James Milner hoping to make it third time lucky when Liverpool touch down in Hong Kong this summer
Liverpool look set to return to the city for the English Premier League’s Asia Trophy this summer, and Milner will be keeping one eye on the storm forecast
James Milner has not had much luck when it comes to visiting Hong Kong.
With local favourites Liverpool looking set to return here for the English Premier League’s Asia Trophy this summer, the 31-year-old may indeed be keeping an eye on the forecast.
In the summer of 2004 aged just 18, Milner touched down in Hong Kong on his first pre-season tour to Asia, after signing for Newcastle for £5 million (HK$48.2m) from Leeds.
Having lost to the Thailand national team in Bangkok on his club debut, Milner and Newcastle were set to take on Kitchee SC four days later at Hong Kong Stadium, but things didn’t exactly go to plan ahead of the game.
“We were training, doing a session and then someone came over and said, ‘You’re gonna have to get back to the hotel’ – there was a warning that a storm was coming in,” Milner recalled in a phone interview with The Post.
With Tropical Storm Kompasu getting closer, the balls being used by the Newcastle players were flapping about in the wind amid a torrential downpour.
No doubt most managers would have hurried their players off the training pitch to safety in similar circumstances. Not the late, great Sir Bobby Robson.
“The gaffer, the perfectionist he was, wouldn’t let us finish the session until we got this particular thing right, so we kept doing it and doing it,” added Milner, laughing.
“The guy was saying, ‘You’re really going to have to go’, but the gaffer wasn’t having any of it. He wanted to finish the session and make sure we did right what he wanted us to do.”
The Newcastle players finally got back to their hotel, just in the nick of time.
“The place was still busy downstairs,” continued Milner. “Looking out of the window, we were on the 30th floor or something ridiculous, and the streets were still busy. All of a sudden the streets just emptied, and we knew it [the storm] was gonna hit. It ended up missing us by a couple of miles and hitting down the coast I think, but it was pretty crazy.”
It was a similar story when Milner came to Hong Kong with Manchester City in the summer of 2013 for the Asia Trophy.
“The weather has never been particularly great when I’ve been out there,” Milner said. “A training session with Man City as well, the pitch was soaked – we were doing a crossing session and had to do it on the volley because the ball was literally stopping on the pitch.”
City secured a damp 1-0 win in the semi-finals of the tournament against South China, on a quagmire of a pitch at Hong Kong Stadium – a fierce storm had hit the night before – with the match reduced to 40 minutes per half.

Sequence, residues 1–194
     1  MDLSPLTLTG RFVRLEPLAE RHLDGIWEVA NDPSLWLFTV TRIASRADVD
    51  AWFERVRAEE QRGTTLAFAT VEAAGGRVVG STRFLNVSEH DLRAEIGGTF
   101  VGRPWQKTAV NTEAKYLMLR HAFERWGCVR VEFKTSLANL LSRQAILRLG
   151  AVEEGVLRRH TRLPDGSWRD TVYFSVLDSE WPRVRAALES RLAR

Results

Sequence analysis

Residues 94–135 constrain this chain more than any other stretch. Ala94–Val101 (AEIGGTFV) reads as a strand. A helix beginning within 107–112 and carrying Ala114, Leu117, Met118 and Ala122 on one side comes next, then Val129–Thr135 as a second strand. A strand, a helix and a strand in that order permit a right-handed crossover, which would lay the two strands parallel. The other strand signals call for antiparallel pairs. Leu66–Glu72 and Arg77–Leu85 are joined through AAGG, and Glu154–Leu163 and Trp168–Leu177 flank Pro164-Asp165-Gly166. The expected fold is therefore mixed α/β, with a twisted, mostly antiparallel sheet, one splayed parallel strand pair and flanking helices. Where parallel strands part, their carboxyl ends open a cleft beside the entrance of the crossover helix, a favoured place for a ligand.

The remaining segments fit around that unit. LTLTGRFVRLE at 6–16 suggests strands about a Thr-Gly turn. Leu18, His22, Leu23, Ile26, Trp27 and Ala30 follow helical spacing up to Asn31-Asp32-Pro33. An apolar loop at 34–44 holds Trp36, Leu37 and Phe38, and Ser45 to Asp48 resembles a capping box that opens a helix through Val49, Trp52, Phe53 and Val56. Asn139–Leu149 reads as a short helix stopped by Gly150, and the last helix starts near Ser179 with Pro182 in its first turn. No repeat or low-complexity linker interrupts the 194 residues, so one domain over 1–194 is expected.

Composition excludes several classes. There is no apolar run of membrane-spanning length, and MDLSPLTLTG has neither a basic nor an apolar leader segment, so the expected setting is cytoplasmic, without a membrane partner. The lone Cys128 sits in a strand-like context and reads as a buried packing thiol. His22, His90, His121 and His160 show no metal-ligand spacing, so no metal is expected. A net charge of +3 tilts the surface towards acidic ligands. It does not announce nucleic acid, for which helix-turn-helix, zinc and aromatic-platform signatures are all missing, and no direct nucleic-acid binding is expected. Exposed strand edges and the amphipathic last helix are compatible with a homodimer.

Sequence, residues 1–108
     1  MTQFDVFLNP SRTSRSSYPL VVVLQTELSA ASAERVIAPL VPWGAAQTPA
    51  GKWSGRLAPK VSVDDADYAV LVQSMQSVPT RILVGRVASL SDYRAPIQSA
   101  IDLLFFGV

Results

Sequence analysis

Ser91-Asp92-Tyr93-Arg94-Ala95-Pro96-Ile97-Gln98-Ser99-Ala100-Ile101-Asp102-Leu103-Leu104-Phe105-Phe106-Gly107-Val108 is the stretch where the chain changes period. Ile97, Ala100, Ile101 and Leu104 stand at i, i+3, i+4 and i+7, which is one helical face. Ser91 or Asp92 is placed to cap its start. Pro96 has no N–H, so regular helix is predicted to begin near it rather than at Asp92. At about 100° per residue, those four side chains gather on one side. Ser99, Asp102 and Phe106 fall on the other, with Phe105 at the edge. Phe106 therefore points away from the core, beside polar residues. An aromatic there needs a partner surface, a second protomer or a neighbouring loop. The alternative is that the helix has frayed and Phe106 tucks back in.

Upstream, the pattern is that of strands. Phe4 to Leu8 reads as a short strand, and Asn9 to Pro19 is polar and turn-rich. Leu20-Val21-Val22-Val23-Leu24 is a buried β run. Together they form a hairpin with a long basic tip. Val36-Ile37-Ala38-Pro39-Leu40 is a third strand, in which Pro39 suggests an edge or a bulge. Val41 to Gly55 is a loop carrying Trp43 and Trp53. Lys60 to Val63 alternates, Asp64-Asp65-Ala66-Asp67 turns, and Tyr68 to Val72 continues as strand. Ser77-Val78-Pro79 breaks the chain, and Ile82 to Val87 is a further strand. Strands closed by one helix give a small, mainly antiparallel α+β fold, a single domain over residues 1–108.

The final against Sunderland was in danger of being called off with near constant rain on the eve of the match, forcing the Premier League to take control of the pitch from local groundsmen. The surface was even covered in a plastic sheet to try to limit the damage.
Heavy rain continued to fall on an already-saturated surface during the match, with parts of the pitch resembling a bog, but City secured another 1-0 win.
“I’m used to it, to be honest. The weather isn’t that good here in England, is it?” joked Milner.
“But the passion that we get out there in Asia and the following, it’s a good place to go for pre-season despite the weather at that time of year.”
The Hong Kong Football Association is still finalising details with the Premier League for this summer’s Asia Trophy Event in July, but a source familiar with negotiations told The Post that five-time European champions Liverpool will be top of the bill.
Milner has yet to come to Hong Kong with Liverpool, who last toured here in 2007 when the city first hosted the tournament, but he was involved in the club’s pre-season tour to Thailand and Malaysia two summers ago after signing on a free from City.
“The love for football out there in Asia is amazing,” said Milner. “The airport is always full when you arrive, which is unbelievable. Sometimes you forget how many fans there are outside of England and how many people follow it.
“Liverpool in particular going out there, the fans are pretty incredible. It’s a good way for the club to give back and spread the brand of Liverpool Football Club. The club recognises that, going around that part of the world, bringing the club to them and helping them feel more connected than they would if they were just watching the games on TV.
“They want the fans to engage and be part of the club. Hopefully it shows how much we value their support and want them to be involved as well.”